As can be seen in most of his interpretations, Harnoncourt takes a different approach to the music. He dares to accent some unidiomatic off-beats and precariously slows down the tempi at times, but on this recording, it works. The music shines underneath his baton. As I mentioned at the beginning, it is not what I would consider historically accurate; rather it is performing this opera using historical resources with a modern understanding. This is something that I think only Harnoncourt could do.

Here, Kenny effortlessly sings Konstanze’s challenging rage aria in Act II, at which point she rebukes the advances of Pasha Selim for the second time.

A Video Recording

  • Year: 1980
  • Label: Deutsche Grammophon
  • Konstanze: Edita Gruberova
  • Blonde: Reri Grist
  • Belmonte: Francisco Araiza
  • Pedrillo: Norbert Orth
  • Osmin: Martti Talvela
  • Conductor: Karl Böhm
  • Orchestra and Chorus: Vienna Staatsoper

Arguably the most famous video recording of Entführung, this production preserves a phenomenal cast of singers.

Heading this cast is Edita Gruberova, who was famous for this role because of her technical proficiency and amazing vocal pyrotechnics, spinning out several pianissimi in this performance. In her other recordings of this role I find her interpretation more gentle and nuanced, whereas in this video she sings the role very powerfully. Although she manages to sing through the role almost flawlessly, which is no small feat live, one does feel that she would have come across as more of a prisoner if she performed the role more delicately.

As Belmonte, Francisco Araiza gives a powerful performance. He scales back his sizable voice to deliver Mozart’s music beautifully, but the coloratura and style is slower and more laboured then we are used to today. His acting is straightforward and effective, he also looks a handsome figure on stage.

Martti Talvela is not only a physically imposing Osmin, but also vocally impressive as well. His low range is rich and resonant, however, in his upper range, he sometimes resorts to speak-singing and shouting more than one would like. His counterpart, Reri Grist, makes a visually stunning Blonde with a very pure sound. Although she is charming on stage, her rather obvious interpretation and omitted high E’s leave something musically to be desired.

For a mostly traditional production, the staging by August Everding is very intuitive. The production evokes the American hostage crisis in Iran by dressing Selim in black costume redolent of the Ayatollah Khomenei. However, the contemporality does not extend beyond the Pasha; one will notice that the other characters are outfitted as they normally would be in a fetishized Ottoman Empire. The sets of the palace roll on and off for easy scene changes while being awe-inspiring to look at.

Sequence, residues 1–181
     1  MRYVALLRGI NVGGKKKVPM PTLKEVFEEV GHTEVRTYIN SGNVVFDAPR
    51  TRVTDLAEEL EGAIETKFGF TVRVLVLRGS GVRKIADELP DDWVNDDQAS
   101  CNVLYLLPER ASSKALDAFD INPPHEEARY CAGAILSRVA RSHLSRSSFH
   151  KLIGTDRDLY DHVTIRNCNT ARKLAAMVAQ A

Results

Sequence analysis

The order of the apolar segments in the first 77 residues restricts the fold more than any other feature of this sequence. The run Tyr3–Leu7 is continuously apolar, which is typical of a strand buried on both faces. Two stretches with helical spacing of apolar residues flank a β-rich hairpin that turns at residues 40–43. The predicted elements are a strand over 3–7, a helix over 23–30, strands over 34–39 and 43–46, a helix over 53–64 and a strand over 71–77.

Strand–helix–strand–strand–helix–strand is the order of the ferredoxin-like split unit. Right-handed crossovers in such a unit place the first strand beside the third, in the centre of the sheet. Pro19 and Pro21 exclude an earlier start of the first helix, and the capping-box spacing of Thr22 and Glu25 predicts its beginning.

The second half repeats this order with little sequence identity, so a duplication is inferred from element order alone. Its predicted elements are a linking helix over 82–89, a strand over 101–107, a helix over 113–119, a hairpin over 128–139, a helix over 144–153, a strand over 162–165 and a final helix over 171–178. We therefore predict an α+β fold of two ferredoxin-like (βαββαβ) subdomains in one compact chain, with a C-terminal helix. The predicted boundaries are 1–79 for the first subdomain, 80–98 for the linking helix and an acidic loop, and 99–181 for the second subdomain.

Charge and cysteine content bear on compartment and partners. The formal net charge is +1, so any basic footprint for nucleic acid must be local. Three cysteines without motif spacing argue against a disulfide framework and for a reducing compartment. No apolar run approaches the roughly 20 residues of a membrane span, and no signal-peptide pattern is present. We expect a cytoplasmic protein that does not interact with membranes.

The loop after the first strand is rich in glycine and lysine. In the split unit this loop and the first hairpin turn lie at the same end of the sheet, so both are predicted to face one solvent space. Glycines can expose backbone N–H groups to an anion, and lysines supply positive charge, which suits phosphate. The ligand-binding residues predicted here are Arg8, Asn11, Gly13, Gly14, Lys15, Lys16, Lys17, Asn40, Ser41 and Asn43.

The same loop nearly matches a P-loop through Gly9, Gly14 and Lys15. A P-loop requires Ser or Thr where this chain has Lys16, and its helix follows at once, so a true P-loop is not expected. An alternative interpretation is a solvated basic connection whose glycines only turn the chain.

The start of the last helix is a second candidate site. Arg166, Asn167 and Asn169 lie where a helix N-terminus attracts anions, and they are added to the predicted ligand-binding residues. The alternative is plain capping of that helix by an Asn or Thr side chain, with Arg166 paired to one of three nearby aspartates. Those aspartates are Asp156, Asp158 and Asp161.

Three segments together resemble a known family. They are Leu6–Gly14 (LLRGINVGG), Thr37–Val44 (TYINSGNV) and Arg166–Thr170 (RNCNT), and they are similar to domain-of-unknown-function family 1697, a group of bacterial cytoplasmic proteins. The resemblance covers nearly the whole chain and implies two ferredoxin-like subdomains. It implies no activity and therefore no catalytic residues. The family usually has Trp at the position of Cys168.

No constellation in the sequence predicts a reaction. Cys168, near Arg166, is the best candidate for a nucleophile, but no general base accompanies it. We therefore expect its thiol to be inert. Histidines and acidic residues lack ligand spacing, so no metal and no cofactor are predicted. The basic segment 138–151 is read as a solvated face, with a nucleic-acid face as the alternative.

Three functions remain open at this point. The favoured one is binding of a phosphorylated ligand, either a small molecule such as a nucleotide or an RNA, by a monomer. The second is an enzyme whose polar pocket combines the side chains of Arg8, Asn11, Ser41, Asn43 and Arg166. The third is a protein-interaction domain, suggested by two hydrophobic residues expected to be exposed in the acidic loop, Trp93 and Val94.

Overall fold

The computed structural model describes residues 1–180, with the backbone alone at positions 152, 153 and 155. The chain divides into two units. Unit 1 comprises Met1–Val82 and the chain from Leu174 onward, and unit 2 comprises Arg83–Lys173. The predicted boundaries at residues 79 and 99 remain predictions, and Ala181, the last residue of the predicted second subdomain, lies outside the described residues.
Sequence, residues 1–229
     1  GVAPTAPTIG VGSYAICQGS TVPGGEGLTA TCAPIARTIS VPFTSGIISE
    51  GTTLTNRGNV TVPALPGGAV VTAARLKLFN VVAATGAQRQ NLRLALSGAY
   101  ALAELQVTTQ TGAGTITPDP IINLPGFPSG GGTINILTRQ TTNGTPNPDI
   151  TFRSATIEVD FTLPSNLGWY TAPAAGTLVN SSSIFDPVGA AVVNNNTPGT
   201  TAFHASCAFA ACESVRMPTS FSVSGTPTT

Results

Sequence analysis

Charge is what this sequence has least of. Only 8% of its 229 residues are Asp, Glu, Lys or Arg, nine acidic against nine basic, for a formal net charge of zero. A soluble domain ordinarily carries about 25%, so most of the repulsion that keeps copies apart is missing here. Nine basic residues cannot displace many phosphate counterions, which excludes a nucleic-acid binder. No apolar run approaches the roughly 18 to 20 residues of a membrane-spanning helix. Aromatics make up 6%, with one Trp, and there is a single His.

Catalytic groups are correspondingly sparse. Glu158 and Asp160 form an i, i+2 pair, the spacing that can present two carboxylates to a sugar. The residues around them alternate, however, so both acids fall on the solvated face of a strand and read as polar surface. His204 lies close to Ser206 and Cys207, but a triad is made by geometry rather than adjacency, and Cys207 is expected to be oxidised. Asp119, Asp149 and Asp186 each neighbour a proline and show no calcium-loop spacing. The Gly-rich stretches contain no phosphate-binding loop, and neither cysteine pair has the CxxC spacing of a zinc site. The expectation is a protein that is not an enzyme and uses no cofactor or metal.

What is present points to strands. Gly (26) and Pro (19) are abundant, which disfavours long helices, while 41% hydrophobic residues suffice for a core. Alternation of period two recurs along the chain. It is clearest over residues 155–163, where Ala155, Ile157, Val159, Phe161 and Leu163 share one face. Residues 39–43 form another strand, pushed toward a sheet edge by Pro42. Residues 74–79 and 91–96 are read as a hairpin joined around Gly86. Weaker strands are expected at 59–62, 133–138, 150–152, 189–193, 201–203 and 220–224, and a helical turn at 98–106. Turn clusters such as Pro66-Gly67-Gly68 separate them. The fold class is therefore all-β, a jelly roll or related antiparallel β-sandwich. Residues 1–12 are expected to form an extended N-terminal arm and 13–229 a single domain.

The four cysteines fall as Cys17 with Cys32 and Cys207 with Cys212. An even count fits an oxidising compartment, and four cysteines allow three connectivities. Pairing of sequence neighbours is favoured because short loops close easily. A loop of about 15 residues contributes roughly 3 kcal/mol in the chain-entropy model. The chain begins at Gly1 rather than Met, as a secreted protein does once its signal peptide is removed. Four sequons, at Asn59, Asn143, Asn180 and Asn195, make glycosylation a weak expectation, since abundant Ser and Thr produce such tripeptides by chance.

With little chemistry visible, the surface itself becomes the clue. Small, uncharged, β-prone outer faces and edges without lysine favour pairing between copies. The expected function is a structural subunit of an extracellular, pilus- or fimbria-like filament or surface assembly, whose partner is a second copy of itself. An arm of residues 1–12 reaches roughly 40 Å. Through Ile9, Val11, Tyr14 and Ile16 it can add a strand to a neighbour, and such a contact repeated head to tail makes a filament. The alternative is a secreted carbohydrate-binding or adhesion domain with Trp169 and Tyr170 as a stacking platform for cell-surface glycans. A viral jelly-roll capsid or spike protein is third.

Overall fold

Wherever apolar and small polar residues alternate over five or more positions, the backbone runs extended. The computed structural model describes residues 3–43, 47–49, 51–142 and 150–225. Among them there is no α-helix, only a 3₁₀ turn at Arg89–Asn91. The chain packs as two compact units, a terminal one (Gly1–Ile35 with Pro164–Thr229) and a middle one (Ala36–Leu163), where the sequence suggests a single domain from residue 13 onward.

The choreography is also very tasteful and easy to understand giving motivation to these characters during their long arias. Karl Böhm coaxes out stunning textures from the orchestra while faithfully delivering his heavy romantic interpretation of Mozart. Although this cast of singers aptly maneuvers his tempos to bring beauty to this music, I personally wish I could have heard them in a lighter interpretation that let the music breathe a little more, rather than sounding almost Straussian.

This video is of the quartet at the end of Act II where the opera seria lovers, Belmonte and Konstanze, finally see one another again and plot their escape with the other opera buffa lovers, Pedrillo and Blonde.

LUDWIG VAN TORONTO

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Matthew Timmermans

Matthew Timmermans

Matthew Timmermans is a graduate student in musicology at McGill University in Montreal, Quebec. He is interested in a variety of topics surrounding opera such as performing practice, age, and diva worship. In addition to writing reviews, he has had the opportunity to lecture about opera at the Canadian Opera Company, Opera Lyra, Pellegrini Opera, and McGill University, and has been invited to present his research at several conferences around the world.
Matthew Timmermans
Matthew Timmermans

Matthew Timmermans

Matthew Timmermans is a graduate student in musicology at McGill University in Montreal, Quebec. He is interested in a variety of topics surrounding opera such as performing practice, age, and diva worship. In addition to writing reviews, he has had the opportunity to lecture about opera at the Canadian Opera Company, Opera Lyra, Pellegrini Opera, and McGill University, and has been invited to present his research at several conferences around the world.
Matthew Timmermans